Concomitantly to the launch of the .eu on the 7th of December 2005, license contracts blossomed here and there with non-European companies in order to register .eu domain names during the so-called “Sunrise Period”, especially between US companies and European law firms. The juridical set-up is as follows: a USA company willing to reach the European market through a .eu but which did not have any link with the European Community such as headquarters or a principal place of business, had license contracts signed with a trademark attorney located within the Community. The license enabled the trademark attorney to register a .eu domain name on his own name but on the behalf of the trademark holder which did not fulfill the requirements set-up by the article 4, §2b Regulation (EC) n°733/2002 of the European Parliament and of the Council of 22 April 2002. These juridical set-ups emerged during the Sunrise period before the .eu was made available for registration to the general public.
The underlying nature of these contracts appeared doubtful to a Belgian contact lenses company, which decided to raise a preliminary ruling before the CJEU. Through these schemes companies seem to circumvent the requirements laid down by the Regulation.
The Pie Optiek Case
The Belgian company Pie Optiek runs a business of contact lenses and glasses that are sold through an online service. Its core business is done through the website www.lensworld.be. The latter was willing to register a .eu domain name during the Sunrise Period, which started to run from the 7th of December 2005 for a four months period. The said company applied for a Benelux trademark on the sign “Lensworld” before applying for the domain name lensworld.eu. EURid denied the registration of the domain name because Bureau Gevers had already registered it. With the prior registration made by Bureau Gevers the question of the essence of trademark license comes via the backdoor. Another US company, namely Walsh Optical, signed a license agreement with Bureau Gevers. As the US company did not have its headquarters in Belgium, it uses the juridical set-up described above. As a result, Bureau Gevers registered the domain name lensworld.eu before the Belgian company. The question was whether Bureau Gevers can be deemed as a “holder of prior rights” in the light of the EC regulation n°874/2004? Pie Optiek sought relief before the Belgium Courts, its claim was twofold:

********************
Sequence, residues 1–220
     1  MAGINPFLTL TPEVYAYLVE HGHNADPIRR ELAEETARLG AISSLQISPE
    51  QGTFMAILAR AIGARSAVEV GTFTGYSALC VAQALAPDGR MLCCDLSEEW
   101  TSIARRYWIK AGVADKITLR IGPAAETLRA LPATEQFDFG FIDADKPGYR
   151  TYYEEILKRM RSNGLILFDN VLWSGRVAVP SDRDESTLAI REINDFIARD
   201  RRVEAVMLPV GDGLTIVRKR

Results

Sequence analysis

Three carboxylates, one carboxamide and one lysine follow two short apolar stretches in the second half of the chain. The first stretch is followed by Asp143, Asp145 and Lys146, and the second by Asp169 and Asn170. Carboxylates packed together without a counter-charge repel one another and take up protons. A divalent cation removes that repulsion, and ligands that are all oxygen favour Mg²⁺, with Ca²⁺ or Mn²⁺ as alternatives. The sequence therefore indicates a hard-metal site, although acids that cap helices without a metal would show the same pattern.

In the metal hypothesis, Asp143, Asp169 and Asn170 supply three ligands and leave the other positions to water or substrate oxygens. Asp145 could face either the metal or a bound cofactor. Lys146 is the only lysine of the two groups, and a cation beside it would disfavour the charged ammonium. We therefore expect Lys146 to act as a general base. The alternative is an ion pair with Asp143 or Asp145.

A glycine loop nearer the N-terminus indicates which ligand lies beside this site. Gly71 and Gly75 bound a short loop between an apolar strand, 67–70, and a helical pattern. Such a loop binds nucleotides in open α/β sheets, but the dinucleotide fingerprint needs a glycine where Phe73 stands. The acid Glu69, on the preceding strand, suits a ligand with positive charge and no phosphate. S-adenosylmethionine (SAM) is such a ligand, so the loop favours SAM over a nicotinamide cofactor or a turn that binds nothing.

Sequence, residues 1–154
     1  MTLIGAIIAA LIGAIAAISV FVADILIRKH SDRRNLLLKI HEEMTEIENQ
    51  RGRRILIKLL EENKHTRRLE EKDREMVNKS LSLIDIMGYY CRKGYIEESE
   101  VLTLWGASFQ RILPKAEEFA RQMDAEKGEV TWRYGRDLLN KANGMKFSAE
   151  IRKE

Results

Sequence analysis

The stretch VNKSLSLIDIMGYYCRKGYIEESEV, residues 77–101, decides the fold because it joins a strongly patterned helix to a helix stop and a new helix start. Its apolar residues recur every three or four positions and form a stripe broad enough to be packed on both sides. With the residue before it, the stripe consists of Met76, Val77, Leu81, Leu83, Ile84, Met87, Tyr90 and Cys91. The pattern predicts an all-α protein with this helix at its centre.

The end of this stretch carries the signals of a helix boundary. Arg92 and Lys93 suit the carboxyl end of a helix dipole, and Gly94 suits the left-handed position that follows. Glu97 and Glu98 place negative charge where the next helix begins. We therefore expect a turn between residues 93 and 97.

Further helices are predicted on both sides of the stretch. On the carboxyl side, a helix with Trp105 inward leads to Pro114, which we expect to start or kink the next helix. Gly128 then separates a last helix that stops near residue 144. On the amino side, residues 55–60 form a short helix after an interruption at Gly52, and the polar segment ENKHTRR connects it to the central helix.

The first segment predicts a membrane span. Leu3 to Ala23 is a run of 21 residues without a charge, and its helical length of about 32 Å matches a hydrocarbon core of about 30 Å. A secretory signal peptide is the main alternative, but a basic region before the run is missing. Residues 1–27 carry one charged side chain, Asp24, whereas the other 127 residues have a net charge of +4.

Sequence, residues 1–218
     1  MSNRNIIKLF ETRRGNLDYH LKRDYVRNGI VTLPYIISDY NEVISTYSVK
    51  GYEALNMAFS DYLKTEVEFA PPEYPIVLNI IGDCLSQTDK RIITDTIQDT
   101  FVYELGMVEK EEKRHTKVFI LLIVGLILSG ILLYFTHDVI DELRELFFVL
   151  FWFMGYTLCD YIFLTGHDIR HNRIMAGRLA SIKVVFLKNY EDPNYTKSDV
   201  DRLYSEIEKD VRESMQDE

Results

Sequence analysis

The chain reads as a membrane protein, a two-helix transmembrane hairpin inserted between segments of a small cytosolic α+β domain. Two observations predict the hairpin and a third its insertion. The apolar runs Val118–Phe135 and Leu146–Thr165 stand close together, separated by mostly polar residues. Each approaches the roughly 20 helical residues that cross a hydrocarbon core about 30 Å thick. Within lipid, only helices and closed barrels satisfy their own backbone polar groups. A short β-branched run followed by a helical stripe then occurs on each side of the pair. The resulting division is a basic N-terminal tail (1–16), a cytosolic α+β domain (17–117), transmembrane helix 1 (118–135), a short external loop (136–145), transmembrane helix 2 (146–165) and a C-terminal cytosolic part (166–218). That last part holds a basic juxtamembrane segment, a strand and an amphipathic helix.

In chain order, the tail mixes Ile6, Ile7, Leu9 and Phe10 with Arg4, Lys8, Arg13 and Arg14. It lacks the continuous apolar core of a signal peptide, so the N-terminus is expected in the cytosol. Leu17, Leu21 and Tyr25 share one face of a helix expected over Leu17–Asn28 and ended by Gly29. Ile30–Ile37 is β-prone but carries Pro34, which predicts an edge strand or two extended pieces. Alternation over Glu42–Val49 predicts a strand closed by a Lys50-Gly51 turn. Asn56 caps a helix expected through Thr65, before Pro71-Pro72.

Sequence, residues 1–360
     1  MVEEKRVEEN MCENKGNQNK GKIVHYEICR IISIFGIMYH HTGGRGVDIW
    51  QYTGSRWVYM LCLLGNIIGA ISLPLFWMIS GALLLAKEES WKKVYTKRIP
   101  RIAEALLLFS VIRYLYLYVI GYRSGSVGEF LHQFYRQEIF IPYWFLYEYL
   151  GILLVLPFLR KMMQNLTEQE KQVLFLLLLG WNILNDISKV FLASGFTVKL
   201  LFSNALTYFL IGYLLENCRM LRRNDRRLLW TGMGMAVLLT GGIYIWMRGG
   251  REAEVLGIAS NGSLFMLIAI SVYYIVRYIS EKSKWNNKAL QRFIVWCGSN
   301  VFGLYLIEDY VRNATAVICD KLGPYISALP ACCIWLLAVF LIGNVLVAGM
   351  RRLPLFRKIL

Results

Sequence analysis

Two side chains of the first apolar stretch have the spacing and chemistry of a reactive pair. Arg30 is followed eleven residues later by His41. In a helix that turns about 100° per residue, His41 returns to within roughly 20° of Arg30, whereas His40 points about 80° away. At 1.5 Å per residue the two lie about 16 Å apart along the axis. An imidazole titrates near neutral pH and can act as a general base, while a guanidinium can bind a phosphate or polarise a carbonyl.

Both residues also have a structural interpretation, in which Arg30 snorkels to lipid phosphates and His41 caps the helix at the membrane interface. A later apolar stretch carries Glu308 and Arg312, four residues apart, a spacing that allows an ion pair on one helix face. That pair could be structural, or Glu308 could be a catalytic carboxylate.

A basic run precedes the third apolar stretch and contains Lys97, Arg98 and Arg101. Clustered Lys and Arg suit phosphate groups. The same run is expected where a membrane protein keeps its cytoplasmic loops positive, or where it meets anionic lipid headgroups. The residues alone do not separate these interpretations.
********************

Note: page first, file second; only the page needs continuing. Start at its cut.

– Pie Optiek wanted to obtain acknowledgement that the registration was speculative and abusive and;
– to obtain the transfer of the disputed domain name lensworld.eu.
The advocate general, Mrs Trstenjak in her conclusions released on the 3rd of May, dwells on the necessity to have an establishment within the Community in order to qualify as a registrant for a .eu.
The preliminary ruling which was raised before the CJEU was whether the aforementioned juridical set-up can be deemed as a genuine license contract. Needless to say, the decision of the CJEU was awaited by companies who had entered into these legal arrangements. The arrangement proved to be a genuine threat to non-European companies as the CJEU followed the conclusion of the Advocate General in its decision on July 19, 2012. The CJEU insisted on the utmost importance of having a tie with the EU to qualify as a “holder of prior rights”. The artificial nature of the juridical set-up contravenes the spirit of the Regulation. To quote the CJEU:
” it would be contrary to the objectives of Regulations No 733/2002 and No 874/2004 for a holder of prior right to whom that right is available in its entirety but who does not satisfy the test of presence in the European Union to be allowed to obtain for his own benefit a .eu domain name through a person who satisfies that presence test but to whom that right is not-even partly or temporarily- available”.
This decision could have a domino effect on .eu registrations that were done through this juridical set-up. It highlights that the establishment of a company within the EU is of utmost importance in EU law.